One of the most detrimental emotions in the world, but why so? I think it’s because it isolates us… from ourselves, from the Lord, and from those around us. We see this in the life of Naomi.
In Ruth 1:13, Naomi asked her daughter-in-laws to leave her, as she was grieving and the Lord had gone against her. Then, in Ruth 1:20, she states, “… Call me not Naomi, call me Mara: for the Almighty hath dealt very bitterly with me.”
Naomi allowed bitterness to consume her, change the way she viewed herself (so deeply she felt the need to change her name), push away those closest to her (even though Ruth remained so faithful), and cause her to believe the Lord had abandoned her.
Today, bitterness affects us very similarly. We begin to see only our bitterness opposed to our true selves, beating ourselves up in a continuous cycle of negative self talk. We push away friends and family, as we don’t want to burden them, and/or often treat them poorly as a result of deeply rooted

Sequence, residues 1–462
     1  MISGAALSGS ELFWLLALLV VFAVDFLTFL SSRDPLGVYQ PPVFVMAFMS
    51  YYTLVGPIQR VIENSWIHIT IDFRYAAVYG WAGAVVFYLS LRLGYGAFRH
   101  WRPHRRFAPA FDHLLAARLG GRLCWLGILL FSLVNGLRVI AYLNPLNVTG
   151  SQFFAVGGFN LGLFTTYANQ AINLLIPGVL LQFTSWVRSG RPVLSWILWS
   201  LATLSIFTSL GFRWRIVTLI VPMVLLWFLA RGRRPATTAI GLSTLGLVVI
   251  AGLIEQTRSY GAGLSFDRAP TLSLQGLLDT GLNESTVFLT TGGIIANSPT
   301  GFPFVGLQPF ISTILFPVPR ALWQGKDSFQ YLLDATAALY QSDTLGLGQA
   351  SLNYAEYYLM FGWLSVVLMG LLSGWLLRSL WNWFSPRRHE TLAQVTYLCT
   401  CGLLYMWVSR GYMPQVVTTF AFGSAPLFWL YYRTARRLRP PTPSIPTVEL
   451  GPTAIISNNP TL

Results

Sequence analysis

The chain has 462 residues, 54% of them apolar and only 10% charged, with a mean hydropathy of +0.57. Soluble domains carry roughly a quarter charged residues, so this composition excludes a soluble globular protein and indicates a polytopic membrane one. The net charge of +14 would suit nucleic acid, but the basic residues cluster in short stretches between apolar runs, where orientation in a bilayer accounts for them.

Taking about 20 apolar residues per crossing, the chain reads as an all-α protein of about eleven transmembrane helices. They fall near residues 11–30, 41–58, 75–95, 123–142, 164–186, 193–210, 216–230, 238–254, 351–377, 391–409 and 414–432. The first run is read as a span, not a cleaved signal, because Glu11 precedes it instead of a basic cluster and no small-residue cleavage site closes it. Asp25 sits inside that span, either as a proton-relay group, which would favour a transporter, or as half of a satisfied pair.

bitterness. We lose sight of God’s sovereignty, and blame Him for leaving us in undesirable positions.
In Naomi’s story, however, we know the Lord delivers her from this bitterness, just as He had been writing her story all along. He had intentionally created her for a time such as that, He had placed Ruth in her life to be a friend who loved her at all times, and He had most certainly never left her or forsaken her.
I find so much encouragement through Naomi’s story, and I pray you do as well. This week, be proactive to recognize the bitterness in your life, combat it, and don’t allow it to isolate you- from you, your people, or the Lord. Just as God delivered Naomi from her bitterness, He is waiting to deliver you from yours.